Reduction and emergence play a central role in the relations of scientific theories and disciplines. For instance, a reducible theory is in some sense replaceable but also supported by its reducing theory. In contrast, a theory that describes emergent phenomena arguably stands alone in both respects. Unfortunately, the discussion about reduction and emergence suffers from two uncertainties at once. On the one hand the concepts of reduction and especially emergence are not precisely defined, on the other hand there are few if any uncontentious cases of reduction or emergence in the sciences. This stalemate can be overcome by a thorough analysis of relations between and within scientific theories. These relations can then serve as a basis for explications of reduction and emergence that are applicable in the sciences.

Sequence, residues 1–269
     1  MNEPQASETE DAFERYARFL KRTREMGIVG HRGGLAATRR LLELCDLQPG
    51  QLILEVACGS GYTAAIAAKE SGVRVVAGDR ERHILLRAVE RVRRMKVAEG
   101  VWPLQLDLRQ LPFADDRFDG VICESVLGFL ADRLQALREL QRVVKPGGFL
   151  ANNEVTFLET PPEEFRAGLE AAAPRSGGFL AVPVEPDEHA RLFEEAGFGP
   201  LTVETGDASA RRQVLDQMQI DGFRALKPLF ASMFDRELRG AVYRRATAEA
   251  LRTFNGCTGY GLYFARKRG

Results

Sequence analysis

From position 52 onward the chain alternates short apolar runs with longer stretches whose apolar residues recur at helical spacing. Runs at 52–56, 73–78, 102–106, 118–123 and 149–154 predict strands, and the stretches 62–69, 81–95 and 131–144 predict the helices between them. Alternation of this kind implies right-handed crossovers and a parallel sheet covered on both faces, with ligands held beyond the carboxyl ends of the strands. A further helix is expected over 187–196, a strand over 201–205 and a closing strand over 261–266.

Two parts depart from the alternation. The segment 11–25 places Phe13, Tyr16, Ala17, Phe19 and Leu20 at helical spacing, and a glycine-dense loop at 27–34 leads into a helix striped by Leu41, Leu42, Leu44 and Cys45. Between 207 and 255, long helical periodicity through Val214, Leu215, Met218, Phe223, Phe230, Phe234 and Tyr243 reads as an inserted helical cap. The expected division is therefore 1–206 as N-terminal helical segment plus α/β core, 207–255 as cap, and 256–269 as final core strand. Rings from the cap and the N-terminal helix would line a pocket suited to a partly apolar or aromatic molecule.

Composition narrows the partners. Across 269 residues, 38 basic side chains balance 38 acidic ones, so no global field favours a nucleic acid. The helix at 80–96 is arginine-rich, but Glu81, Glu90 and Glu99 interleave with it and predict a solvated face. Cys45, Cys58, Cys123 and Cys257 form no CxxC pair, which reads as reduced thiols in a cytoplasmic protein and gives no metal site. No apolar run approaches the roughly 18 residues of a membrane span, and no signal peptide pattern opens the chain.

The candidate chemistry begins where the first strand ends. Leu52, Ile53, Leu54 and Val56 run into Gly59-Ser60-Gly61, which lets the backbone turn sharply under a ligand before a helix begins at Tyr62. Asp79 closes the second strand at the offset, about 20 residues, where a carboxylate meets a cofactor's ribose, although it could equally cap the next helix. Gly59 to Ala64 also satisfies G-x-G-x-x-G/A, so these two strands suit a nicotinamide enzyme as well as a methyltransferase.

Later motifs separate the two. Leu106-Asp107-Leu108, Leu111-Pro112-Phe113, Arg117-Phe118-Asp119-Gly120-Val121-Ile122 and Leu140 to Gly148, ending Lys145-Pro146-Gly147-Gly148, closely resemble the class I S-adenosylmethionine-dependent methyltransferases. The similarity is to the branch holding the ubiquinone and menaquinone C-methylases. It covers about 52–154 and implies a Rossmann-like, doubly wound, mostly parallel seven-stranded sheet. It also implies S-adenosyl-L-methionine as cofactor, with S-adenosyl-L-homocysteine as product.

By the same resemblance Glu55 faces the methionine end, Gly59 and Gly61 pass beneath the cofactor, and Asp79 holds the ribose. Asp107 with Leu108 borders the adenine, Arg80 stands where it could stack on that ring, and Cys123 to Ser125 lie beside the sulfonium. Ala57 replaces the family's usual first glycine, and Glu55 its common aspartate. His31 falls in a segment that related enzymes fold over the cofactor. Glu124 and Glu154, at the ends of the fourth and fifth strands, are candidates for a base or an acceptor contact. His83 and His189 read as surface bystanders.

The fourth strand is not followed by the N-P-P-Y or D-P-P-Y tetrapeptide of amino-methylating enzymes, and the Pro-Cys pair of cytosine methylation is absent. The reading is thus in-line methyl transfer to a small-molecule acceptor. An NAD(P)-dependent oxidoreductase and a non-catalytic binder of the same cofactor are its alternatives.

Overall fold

This conference will bring together philosophers of science and scientists of different disciplines with the aim of addressing the inter- and intratheoretic relations of specific theories and providing precise notions of such relations for the application in the sciences.